There weren't many sundresses in evidence at the Willowdale Steeplechase on Sunday. This year "Steeplechase Style" seemed to consist of a whimsical spring hat paired with a heavy plaid blanket. I donned jeans and boots and a Scottish hat better suited to the Pennsylvania Hunt Cup, and when the brisk wind died down and the sun came out it was actually very pleasant.
We saw lots of friends, caught up on township news and medical news (huge congrats to a certain Unionville fellow who is new ex-smoker!), inspected the new BMW sports car on display, said hi to a lot of dogs, and cooed over a couple of well-wrapped-up newborns. Thank you to all the people who fed me from their tailgate parties: the filet of beef, the chicken, the orzo salad, the home-grown asparagus, and the mini-crabcakes were delicious!
At one point in the afternoon I was walking over to visit some friends on "Member's Hill" and a woman asked me if I was betting on the races.
"No," I said, a little baffled. "Why?"
She said she'd noticed I was studying the program intently. I explained to her that the program lists where everybody's parking space is, so you can stop by and say hello. She was astonished, as if a whole new world of socializing had opened up to her.
Also amazed were some kids standing in line for the Port-a-Potties with their father. They asked the quite reasonable question of how they should flush.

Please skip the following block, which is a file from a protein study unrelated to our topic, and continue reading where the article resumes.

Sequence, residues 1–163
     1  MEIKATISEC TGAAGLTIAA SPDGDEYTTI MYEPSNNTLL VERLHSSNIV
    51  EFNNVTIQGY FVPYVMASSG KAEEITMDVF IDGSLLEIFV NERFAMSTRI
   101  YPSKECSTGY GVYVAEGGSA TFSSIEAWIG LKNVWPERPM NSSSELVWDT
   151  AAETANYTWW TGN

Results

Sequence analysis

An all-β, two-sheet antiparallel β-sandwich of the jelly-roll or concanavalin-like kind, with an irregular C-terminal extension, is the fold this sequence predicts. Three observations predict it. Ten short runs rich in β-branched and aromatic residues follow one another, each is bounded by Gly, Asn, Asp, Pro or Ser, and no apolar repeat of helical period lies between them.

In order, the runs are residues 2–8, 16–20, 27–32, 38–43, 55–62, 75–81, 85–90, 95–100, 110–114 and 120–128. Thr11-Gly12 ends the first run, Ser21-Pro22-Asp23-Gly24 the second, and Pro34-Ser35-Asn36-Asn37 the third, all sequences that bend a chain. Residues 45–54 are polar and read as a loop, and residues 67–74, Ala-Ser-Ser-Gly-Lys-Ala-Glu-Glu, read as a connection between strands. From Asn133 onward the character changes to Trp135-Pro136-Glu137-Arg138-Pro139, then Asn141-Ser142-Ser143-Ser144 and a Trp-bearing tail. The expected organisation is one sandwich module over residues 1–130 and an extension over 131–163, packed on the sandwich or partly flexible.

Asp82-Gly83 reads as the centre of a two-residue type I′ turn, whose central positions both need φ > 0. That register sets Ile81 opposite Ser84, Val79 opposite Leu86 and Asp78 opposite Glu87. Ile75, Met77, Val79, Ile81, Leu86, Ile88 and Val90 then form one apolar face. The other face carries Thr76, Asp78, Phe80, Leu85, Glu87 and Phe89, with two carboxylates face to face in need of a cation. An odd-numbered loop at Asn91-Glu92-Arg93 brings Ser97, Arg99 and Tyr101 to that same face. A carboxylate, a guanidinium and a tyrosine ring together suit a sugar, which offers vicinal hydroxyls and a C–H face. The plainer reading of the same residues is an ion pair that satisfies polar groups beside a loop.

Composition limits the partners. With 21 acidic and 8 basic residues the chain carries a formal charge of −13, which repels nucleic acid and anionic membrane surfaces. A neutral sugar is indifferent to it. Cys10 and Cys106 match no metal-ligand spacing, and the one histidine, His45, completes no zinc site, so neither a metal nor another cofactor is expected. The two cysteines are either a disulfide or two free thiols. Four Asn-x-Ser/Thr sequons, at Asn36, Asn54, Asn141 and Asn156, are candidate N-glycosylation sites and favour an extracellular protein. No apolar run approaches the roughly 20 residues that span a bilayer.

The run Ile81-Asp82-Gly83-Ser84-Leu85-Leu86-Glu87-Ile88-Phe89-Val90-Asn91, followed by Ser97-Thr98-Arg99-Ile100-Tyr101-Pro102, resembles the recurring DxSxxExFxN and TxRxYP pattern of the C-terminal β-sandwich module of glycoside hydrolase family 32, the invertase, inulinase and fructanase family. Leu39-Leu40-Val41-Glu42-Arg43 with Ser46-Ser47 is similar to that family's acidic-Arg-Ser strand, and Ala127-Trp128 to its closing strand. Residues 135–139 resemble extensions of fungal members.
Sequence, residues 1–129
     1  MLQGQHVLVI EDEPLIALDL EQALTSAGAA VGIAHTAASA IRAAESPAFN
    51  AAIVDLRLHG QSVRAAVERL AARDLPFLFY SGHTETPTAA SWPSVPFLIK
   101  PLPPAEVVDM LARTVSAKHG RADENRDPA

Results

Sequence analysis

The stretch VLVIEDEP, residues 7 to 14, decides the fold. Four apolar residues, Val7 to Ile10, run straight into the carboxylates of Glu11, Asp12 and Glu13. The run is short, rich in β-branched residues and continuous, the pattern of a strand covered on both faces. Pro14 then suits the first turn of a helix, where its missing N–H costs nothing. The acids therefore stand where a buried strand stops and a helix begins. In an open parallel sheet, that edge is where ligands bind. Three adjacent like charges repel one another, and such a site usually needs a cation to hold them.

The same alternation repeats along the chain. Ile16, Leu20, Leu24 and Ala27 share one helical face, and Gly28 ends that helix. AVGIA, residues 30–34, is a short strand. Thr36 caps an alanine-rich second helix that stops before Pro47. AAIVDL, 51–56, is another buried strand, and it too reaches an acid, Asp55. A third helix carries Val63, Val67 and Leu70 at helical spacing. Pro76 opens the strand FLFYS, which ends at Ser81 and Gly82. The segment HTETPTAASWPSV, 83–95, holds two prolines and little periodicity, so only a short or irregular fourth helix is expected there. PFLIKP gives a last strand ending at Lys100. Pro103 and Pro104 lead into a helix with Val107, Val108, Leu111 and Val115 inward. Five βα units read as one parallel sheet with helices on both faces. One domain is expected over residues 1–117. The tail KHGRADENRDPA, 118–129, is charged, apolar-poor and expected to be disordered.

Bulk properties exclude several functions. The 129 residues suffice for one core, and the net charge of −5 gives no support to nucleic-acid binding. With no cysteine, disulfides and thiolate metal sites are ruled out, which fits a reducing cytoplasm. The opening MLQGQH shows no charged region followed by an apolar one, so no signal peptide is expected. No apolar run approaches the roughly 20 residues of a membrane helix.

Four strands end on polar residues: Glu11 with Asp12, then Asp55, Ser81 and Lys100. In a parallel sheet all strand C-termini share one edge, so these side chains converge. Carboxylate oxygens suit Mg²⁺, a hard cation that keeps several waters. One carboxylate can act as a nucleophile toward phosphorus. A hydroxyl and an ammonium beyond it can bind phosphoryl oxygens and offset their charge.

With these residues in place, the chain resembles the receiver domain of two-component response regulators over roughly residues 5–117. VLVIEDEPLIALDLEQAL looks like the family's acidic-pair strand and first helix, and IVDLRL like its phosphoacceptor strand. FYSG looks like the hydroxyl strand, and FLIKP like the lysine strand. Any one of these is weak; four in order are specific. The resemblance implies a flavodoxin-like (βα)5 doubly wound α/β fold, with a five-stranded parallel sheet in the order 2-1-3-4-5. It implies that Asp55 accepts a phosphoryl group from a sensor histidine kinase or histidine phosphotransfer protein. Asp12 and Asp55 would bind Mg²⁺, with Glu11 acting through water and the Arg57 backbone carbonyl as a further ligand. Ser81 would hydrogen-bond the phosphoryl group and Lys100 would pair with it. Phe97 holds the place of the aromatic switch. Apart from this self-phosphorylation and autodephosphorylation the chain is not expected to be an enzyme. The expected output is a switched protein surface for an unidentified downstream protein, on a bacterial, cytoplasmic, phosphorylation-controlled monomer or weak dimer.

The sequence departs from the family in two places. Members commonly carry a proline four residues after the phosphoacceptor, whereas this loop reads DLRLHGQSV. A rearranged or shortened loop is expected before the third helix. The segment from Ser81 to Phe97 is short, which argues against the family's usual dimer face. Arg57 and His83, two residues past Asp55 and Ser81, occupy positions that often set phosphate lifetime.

"You don't," said the father matter-of-factly, offering a technical explanation of how portable toilets operate.
The "stick pony" races for kids were a big hit. We spotted one adorable boy giving his stick horse a drink from the little creek that crosses the grounds. Other kids were tossing footballs and bean bags around, practicing lacrosse or just running around with seemingly boundless energy.
Although eating, drinking and socializing are the key components of the day for many spectators, the horse races are always exciting to watch. There were a couple of notable mishaps this year, though. Near the end of the first race a loose horse jumped the fence separating the course from the spectators and ran wildly into the crowd. Fortunately, and almost unbelievably, no one was hurt and no vehicles were damaged.
And the fifth race ended with a nasty crash involving two horses. One jockey was pinned for a moment under his horse until a few people managed to roll the horse over. Kudos to photographer Jim Graham, who was shooting at the final jump, for running over and assisting. The horse ambulance people immediately put up a privacy screen, which made us think the worst, but after a few minutes the racecourse announcer shared the welcome news that both horses were up.